The corkscrew was a gift from hell’s fury itself! It wound up and up and up. Making matters worse its long winding trail lay visible in front of you so that you knew with each step just how long, how up and how far you had to go…sort of. The only thing not exposed was the next bend or was that the last bend or is that the next to last bend? I sucked it up, sucked it in, took a deep breath and hit it hard…and exceedingly slow. I made every effort to continue running, if what I was doing could still be called running? I climbed and climbed and climbed for what seemed a very long time. And then all of a sudden, there was no more cork screw. I had done it. And though I was finished, I wasn’t really. Somehow I decided I was going to finish this event if I had to crawl the rest of the way. With more than a few miles remaining this (crawling) would be a very real possibility.

Somewhere soon after around mile 20/21 there was an aid station. I stopped and fueled up real good for what would be my final effort. There was a sign just up ahead on the side of the trail that said, “welcome to {such and such trail}.” I thanked everyone very graciously for their support and headed off to see what this such and such trail was about.

Unnecessarily I still fretted over some of the runners that had passed and were still passing me but that was all ego and I needed to set that stuff aside to finish this thing. This was an out and back trailhead and as I glance over my shoulder, going the other way I spied the 23 mile marker. “Okay,” I thought, “Get to the trail head turn and get to that marker.”

About a half mile later I began to feel better, in waves. There would be a wave of okay then a wave of, “Oh not so good!” The trail began to wind downhill and I began to dig a little deeper. I began to run a bit harder again wondering if this was a last gasp or if I would fail to make it back up the hill. At the bottom of the gully stood a river, could this be a water crossing? No, it was the turnaround. I had made it. I don’t know if it was all the orange wedges I had consumed, adrenaline or just good vibrations but as we headed uphill I began to feel better and so did my legs. Somehow the rubber that had filled them before was steeling up and where as all of my efforts before could only muster up a stumbling lurch forward I was beginning to actually run again. As I climbed the hill many of my competitors were now falling. I began to pass the weary that just moments before also included me. I passed mile 23 and was feeling better by the moment and as I hit the aid station again I made sure to not be a fool and took the time to load up on fuel. I again thanked everyone and took off.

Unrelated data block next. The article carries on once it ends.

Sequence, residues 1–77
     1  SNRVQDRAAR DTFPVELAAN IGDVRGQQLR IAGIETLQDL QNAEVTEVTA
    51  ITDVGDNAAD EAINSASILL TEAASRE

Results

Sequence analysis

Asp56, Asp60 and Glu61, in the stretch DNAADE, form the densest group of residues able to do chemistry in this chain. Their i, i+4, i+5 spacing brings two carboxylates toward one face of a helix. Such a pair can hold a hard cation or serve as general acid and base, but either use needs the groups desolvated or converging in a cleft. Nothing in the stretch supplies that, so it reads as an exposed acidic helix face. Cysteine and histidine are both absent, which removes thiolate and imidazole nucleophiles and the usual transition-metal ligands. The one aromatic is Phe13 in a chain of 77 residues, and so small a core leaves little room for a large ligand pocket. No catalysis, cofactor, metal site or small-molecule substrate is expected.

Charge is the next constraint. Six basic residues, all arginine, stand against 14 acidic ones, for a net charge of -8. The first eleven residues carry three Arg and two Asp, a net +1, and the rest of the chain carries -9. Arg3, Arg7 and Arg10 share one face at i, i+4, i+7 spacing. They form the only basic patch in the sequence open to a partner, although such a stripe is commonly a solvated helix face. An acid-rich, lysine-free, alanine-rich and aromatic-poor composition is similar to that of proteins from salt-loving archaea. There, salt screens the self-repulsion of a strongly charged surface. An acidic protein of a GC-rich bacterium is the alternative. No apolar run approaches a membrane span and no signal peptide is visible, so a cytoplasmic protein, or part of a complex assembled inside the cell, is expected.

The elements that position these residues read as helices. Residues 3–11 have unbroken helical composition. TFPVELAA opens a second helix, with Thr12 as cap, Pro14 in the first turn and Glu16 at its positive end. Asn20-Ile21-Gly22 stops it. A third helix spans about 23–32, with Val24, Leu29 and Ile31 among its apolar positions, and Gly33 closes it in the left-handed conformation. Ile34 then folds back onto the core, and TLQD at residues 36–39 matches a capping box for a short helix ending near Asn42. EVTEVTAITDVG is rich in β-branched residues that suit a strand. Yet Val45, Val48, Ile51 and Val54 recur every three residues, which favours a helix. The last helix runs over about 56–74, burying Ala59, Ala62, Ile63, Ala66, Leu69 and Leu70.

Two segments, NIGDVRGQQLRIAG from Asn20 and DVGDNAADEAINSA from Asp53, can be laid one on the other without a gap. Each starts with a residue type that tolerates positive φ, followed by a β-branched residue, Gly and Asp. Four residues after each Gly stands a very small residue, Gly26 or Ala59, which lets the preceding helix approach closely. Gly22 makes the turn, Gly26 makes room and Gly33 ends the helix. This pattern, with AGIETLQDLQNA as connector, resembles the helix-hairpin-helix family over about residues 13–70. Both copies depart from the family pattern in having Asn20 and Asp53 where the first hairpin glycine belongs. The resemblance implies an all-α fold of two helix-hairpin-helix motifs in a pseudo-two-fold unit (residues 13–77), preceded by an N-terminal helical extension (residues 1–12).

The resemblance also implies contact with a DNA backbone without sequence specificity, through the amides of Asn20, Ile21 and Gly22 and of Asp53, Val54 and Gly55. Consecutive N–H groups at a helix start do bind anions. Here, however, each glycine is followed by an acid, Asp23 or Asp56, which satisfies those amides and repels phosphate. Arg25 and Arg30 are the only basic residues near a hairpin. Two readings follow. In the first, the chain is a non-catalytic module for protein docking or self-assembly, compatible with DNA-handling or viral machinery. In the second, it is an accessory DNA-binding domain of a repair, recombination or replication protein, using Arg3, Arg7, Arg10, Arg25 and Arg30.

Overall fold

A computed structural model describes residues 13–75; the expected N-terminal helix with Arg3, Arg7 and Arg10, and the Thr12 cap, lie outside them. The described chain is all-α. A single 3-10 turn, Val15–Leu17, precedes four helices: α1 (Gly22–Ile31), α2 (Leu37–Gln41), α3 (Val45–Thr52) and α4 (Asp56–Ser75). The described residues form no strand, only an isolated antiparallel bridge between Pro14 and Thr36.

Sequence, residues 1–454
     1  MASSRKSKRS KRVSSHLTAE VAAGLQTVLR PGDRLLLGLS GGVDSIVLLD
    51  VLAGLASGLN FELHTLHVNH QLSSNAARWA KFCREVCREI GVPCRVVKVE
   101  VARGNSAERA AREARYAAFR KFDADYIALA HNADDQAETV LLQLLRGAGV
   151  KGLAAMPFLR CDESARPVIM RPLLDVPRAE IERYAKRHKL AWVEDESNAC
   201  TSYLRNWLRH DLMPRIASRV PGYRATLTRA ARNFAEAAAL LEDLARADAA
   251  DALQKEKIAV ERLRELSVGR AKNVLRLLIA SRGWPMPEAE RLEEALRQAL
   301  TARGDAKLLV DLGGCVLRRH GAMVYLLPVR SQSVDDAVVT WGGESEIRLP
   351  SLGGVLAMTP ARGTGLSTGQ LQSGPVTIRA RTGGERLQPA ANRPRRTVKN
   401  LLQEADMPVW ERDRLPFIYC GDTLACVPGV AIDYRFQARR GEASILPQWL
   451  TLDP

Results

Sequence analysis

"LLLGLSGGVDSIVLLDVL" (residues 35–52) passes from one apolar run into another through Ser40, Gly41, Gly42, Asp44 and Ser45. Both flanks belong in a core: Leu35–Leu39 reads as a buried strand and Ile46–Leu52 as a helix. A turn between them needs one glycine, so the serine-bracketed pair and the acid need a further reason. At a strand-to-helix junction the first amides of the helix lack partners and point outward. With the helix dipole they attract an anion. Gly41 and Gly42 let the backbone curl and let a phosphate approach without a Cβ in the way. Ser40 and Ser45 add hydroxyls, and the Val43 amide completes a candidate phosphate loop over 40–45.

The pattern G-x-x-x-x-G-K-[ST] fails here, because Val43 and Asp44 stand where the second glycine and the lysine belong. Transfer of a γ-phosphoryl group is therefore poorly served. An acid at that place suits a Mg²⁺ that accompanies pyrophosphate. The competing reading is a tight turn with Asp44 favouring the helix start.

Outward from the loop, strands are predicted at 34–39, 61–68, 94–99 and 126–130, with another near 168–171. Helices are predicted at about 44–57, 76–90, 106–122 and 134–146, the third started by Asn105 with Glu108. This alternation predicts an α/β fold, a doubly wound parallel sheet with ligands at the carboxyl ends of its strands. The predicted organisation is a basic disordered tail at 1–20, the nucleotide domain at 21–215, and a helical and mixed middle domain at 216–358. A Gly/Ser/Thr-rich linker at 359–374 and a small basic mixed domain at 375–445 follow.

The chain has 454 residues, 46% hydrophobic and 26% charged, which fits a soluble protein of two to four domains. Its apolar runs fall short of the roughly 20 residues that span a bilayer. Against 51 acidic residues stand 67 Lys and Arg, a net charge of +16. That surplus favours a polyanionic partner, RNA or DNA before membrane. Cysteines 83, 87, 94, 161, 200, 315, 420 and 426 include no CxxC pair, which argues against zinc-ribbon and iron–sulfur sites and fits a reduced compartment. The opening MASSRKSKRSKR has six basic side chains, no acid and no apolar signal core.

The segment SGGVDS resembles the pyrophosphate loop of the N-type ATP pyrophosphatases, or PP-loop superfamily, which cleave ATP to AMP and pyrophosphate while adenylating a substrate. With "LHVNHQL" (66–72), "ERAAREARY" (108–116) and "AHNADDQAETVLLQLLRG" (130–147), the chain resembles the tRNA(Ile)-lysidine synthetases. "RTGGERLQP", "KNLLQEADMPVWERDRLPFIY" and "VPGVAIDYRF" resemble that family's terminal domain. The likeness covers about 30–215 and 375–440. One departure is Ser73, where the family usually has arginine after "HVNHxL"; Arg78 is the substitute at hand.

Amazing as it is this late race spurt is a trademark of mine. To foreshadow my next marathon story to be told later it doesn’t always happen but it has happened often enough. Somewhere from the depths of I don’t know where like a miracle at sea the fire that burns inside produces what I need for a final flourish. As bad as it seemed in the middle of the race over the last few miles it seemed like I could do nearly what I wanted. I ran hard and finally discovered where the down hills were…at the end of the race. I continued to pass my way in and to make up time. I remember one particular unfriendly soul that I definitely felt should not finish ahead of me, he didn’t. As I drew close to the finish line I came up upon one more individual that was failing and I encouraged her to sprint in with me but alas I sprinted home alone feeling good that it was over and feeling proud that I had conquered the Umstead Trail in celebration of my first 40 years and just as importantly what will come in the next forty.

Afterwards I traded barbs and stories over a spread that included the best burritos ever. If you want to taste some really good food then deplete your body’s energy reserves to zero by doing an excessive amount of cardio aerobic activity, like running a tough marathon.

For some it may seem that doing something liking running the Umstead TRAIL Marathon to celebrate a milestone birthday is an odd celebratory dance. To me though I couldn’t think of a better way to celebrate how far I’ve come in life, to appreciate the opportunities I have to do physically and mentally challenging tasks and to look forward to what lies ahead for me.

Being an introspective soul I look back now nearly two months later and retrospectively ask myself, “Why does it feel good to do something so hard?”  Maybe that’s just it, that it is hard. How often do we challenge ourselves as we age? How often do we leave our comfort zones? What happened to the dreams of our youth, the adventures we were to have and the accomplishments we would achieve? Why can’t we stay young right up until whatever comes next?

My original celebratory wish was to climb Mount McKinley (Denali) North America’s highest peak in Alaska. Finances and time restraints made that dream undoable this time but that doesn’t mean the dream is over. Who knows maybe I’ll need an adventure to celebrate turning 50 with.

Never give up or give in

Peace and love all.

Daddio